Google Fiber has been asked to cut half of the jobs and 90% of the cost by parent company Alphabet after extremely sluggish rollout caused mostly by Fiber’s competitors having legal protections to drag their feet on cooperation and effectively destroy any competition.
Or if you want to believe the competition’s narrative, a company’s right to not have its subscribers taken out because the Google hired trained chimpanzees to install equipment.
As a person on the ground in a Google Fiber city (after two years construction we have seven customers!) I’ve seen some of both sides of this, but it should be noted that not only are the entrenched carriers dragging their feet on letting this competitor in, they’ve also done a bang up job preventing municipalities from deploying their own significantly cheaper internet.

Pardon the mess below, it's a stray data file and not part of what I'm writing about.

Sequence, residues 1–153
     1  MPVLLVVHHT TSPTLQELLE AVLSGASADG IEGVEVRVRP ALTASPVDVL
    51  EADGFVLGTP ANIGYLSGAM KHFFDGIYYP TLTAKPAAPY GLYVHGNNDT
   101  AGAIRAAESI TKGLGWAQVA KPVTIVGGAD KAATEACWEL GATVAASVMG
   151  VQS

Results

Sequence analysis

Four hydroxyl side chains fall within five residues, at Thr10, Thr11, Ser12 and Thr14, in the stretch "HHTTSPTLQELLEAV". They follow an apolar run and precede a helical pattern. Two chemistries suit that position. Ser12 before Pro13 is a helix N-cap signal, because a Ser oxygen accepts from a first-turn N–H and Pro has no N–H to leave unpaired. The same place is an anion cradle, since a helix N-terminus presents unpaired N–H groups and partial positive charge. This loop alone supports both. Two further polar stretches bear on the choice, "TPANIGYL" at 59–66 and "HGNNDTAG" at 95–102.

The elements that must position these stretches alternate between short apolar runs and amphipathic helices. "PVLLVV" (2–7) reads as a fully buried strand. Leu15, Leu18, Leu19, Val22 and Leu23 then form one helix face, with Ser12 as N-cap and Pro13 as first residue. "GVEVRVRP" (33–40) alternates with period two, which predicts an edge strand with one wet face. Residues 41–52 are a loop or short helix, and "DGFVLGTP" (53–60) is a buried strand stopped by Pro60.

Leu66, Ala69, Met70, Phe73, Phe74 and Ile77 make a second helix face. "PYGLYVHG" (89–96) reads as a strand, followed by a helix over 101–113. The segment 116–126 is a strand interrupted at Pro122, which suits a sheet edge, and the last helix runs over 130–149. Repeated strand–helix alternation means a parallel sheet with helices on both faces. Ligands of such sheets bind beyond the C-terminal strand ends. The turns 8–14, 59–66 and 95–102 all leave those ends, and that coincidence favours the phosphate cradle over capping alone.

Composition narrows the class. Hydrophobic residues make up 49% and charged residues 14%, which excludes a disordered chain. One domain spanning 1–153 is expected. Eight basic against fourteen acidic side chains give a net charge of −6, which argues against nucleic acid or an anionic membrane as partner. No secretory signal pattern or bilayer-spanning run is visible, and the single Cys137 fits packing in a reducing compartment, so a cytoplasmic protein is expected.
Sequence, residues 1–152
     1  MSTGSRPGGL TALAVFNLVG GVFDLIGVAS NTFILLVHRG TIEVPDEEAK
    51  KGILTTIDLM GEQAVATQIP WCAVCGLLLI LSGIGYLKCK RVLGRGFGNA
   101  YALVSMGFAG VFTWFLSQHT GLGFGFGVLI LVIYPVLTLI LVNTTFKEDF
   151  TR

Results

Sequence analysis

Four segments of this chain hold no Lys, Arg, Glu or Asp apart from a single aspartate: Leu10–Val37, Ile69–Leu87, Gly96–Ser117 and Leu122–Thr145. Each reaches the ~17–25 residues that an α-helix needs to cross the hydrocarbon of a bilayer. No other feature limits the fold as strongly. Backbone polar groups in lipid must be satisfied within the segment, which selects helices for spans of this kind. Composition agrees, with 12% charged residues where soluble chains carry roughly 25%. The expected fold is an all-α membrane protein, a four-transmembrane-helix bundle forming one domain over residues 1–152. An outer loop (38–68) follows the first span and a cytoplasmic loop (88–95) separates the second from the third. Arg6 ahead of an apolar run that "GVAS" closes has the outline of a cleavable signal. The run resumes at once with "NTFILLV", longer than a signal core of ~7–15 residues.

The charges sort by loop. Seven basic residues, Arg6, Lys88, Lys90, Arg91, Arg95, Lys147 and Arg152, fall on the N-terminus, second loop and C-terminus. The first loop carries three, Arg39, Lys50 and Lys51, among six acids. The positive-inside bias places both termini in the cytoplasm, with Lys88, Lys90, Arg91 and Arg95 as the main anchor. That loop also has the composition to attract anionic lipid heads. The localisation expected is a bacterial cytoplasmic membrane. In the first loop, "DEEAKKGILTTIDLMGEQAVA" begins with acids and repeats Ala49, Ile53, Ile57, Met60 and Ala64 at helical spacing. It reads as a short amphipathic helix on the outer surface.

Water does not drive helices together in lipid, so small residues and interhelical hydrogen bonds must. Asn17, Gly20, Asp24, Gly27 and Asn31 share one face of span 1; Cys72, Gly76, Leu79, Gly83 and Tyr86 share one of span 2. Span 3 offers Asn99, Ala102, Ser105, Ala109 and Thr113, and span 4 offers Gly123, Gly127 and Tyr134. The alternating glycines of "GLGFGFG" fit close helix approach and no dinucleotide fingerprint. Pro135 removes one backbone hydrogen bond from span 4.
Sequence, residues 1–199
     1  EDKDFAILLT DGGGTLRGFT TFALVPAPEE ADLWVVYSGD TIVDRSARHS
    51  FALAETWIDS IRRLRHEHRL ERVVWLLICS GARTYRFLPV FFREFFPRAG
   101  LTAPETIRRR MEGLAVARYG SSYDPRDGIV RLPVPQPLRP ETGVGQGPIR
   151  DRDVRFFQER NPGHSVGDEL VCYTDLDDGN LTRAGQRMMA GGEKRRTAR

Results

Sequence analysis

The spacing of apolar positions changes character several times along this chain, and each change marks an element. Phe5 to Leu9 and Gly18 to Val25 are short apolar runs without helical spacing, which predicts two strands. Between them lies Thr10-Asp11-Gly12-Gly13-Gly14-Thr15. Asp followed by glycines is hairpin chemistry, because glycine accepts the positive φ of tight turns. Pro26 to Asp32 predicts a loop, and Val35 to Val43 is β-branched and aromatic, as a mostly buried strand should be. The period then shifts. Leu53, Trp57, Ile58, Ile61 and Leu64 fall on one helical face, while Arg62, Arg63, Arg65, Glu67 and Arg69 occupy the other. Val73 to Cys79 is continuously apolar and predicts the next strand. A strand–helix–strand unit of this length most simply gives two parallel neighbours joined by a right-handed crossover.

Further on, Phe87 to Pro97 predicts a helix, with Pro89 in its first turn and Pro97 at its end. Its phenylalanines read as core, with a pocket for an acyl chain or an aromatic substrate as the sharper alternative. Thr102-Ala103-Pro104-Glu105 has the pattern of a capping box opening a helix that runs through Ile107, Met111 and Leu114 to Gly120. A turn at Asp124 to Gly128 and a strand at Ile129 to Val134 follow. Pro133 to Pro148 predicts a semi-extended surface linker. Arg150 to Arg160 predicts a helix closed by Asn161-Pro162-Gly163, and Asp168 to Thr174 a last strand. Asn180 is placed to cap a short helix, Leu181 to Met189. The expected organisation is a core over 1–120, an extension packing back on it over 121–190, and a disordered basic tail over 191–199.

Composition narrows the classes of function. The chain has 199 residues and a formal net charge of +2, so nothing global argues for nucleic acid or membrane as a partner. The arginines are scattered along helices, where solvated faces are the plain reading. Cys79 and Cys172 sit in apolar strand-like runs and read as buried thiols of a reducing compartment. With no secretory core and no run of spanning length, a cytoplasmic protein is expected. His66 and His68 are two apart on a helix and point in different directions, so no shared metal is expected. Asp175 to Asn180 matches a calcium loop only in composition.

Fortunately there’s a plan that doesn’t involve Google Fiber going away and that’s to deliver some data wirelessly via Webpass, a company Google acquired recently. As opposed to a series of fiber optic cables and massive construction costs, a Webpass antenna is placed, pointed, powered, and perfect.
As opposed to one central fiber optic network reaching outward and then fiber runs coming out of hubs, you could expect multiple tiny snowflake Fiber optic points coming off of antennas. That or an ugly dish on your house. Who knows? Maybe Google Fiber will innovate and spread like a mosquito born disease rather than a slow shuffling zombie outbreak.
While the cost cutting by Alphabet is probably best for the short run, there is going to be an explosion of business once Fiber can get expanded and operational in the few cities it’s currently in. I’m a bit worried that they won’t be able to hit the ground running when they finally aren’t held up by the current fiascos.